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Now and then MOFGA organizes "Growers’ Meetings," and this year we had a meeting about growing tomatoes in high tunnels.

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Participants in MOFGA’s 2012 Spring Growth Conference learned about field- and hoophouse-grown tomatoes, including some nitty-gritty details from growers that help ensure success with the crop.

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‘Mountain Magic’ tomato is resistant to late blight. It produces tasty fruit and can be used as rootstock onto which scions of other varieties are grafted.

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Trouble with late blight? Try growing ‘Defiant’ and ‘Legend’ tomatoes.

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Early and late blights caused heavy mortality of tomato plants due to Maine’s extremely long wet spells over the 2008 summer. Yields were much reduced and sometimes nonexistent. Even very experienced gardeners had problems. Using the following method, we saw little blight of consequence until mid-September, and yields were substantial.

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Research paper: A field-grown transgenic tomato line expressing higher levels of polyamines reveals legume cover crop mulch-specific perturbations in fruit phenotype.

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Trees and other perennials are often grafted, but is it worth the time and labor to graft annuals? Cary Rivard is trying find that out with his Southern SARE Graduate Student project under the direction of Frank Louws at North Carolina State University (NCSU.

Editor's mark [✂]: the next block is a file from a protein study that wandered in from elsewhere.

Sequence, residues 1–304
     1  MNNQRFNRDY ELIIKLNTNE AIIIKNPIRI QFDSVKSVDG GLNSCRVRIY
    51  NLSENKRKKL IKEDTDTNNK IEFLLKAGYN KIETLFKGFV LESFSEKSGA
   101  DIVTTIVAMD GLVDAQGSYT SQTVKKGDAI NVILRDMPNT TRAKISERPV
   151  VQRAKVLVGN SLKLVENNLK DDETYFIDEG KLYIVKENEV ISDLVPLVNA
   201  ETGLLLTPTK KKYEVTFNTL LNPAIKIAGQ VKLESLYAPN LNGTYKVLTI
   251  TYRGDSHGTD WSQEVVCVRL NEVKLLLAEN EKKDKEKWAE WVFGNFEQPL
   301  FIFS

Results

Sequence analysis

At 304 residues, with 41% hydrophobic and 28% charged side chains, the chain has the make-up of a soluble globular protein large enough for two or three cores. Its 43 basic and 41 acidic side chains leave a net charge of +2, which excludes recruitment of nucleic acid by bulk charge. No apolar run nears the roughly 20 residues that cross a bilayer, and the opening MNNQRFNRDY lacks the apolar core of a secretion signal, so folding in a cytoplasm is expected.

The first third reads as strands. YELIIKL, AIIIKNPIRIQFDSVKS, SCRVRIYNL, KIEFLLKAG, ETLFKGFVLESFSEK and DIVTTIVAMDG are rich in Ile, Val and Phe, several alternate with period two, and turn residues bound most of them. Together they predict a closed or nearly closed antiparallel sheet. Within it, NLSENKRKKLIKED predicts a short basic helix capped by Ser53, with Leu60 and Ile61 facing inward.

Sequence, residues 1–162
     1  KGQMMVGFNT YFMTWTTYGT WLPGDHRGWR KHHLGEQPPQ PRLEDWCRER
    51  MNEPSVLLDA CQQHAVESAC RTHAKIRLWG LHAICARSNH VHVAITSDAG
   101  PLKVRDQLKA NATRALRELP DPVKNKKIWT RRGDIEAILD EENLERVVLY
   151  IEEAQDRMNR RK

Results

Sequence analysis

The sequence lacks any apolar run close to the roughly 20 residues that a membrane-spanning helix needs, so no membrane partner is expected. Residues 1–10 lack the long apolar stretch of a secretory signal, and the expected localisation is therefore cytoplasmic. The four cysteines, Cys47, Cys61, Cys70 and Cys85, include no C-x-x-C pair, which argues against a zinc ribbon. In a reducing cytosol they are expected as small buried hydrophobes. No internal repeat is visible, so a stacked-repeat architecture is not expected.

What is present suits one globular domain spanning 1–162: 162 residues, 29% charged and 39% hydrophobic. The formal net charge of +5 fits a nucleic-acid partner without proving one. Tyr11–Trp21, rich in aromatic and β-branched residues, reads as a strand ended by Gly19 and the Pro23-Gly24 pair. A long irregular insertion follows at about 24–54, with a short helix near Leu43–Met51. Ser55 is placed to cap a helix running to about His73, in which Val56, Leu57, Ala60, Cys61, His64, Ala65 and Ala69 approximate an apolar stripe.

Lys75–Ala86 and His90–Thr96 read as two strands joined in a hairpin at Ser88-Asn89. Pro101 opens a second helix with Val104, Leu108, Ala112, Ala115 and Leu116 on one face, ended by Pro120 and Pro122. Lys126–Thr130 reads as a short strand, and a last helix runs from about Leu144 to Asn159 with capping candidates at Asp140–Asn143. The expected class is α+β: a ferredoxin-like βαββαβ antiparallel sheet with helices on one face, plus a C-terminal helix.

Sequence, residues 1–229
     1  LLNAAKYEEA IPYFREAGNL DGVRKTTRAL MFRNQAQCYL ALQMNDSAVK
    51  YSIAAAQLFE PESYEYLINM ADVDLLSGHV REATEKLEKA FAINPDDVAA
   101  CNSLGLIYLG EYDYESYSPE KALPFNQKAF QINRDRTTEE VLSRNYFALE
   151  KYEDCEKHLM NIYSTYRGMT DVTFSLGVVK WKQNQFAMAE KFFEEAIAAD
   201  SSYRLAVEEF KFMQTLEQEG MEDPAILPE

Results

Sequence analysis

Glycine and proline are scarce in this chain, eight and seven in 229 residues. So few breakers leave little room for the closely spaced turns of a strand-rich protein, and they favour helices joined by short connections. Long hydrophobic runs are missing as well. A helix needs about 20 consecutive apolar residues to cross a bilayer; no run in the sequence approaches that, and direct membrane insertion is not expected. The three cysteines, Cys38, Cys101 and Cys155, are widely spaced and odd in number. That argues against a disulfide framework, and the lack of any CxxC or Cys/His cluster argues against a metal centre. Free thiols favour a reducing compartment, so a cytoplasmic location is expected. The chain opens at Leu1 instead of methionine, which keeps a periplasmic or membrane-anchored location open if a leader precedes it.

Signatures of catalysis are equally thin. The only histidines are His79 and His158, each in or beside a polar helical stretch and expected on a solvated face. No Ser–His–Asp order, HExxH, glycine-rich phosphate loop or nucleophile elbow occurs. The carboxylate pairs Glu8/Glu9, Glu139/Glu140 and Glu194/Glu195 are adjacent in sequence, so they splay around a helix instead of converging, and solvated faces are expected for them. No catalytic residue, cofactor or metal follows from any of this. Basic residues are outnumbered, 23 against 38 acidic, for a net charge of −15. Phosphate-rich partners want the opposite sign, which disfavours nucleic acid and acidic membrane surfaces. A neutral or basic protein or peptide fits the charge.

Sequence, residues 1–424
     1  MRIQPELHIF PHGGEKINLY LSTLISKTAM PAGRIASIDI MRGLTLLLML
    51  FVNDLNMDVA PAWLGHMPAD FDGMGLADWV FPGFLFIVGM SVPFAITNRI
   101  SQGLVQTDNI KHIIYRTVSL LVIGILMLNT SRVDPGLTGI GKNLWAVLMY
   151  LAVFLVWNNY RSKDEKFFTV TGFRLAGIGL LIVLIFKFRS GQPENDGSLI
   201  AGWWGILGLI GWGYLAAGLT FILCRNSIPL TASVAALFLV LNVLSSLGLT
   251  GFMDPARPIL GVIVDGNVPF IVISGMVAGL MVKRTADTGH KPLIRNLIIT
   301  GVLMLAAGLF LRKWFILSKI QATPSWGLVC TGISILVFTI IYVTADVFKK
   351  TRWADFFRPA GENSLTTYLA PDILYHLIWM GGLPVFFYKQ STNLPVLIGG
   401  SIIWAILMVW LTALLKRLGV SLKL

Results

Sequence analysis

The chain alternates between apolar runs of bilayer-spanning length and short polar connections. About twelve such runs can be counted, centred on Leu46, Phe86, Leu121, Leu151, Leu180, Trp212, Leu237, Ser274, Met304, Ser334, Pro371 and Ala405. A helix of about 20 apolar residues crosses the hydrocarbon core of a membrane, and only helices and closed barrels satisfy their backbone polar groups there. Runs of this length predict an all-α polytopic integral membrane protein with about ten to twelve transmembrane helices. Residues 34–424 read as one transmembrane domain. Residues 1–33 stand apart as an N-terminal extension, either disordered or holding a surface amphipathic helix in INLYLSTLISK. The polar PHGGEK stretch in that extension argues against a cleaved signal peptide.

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Hoop housesI pick my first truly vine ripened tomato in June, and I thank Otho Wells, who was (before he retired) the Extension Specialist in New Hampshire, for dispelling my inkling to move to warmer climates.  He taught us all how to bring a warmer climate to our tomato plants and still grow them to bear all the nutrition and flavor of garden tomatoes. He introduced hoophouses to New England, calling them "high tunnels," because that is all they are.

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Early blight on tomatoesSome farmers and gardeners like to use the same ground year after year for their tomatoes. Often this works, but often it doesn’t – most commonly because of a few tomato diseases that overwinter on crop debris. The most common disease in the Northeast that leads to a tomato crop failure is early blight. In this article I will point out similarities and differences between early blight and two other tomato diseases that are commonly confused with it, late blight and septoria leaf spot.

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Tunnels and greenhouses are now being used widely to produce early and often blemish free tomatoes. However, high humidity is difficult to avoid under plastic, and it creates an ideal environment for fungal diseases that can spread very quickly and cause widespread damage. Two common diseases of tomatoes in tunnels are gray mold and white mold (also called stem rot), which are caused by two fungus species, Botrytis cinerea and Sclerotina sclerotiorum, respectfully. The similarities and differences in the biology of the pathogens is interesting, and an understanding will help growers control problems.

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Nutrition, weather conditions, sunlight and other environmental and cultural factors can influence the health of tomato plants. Here are some common problems.

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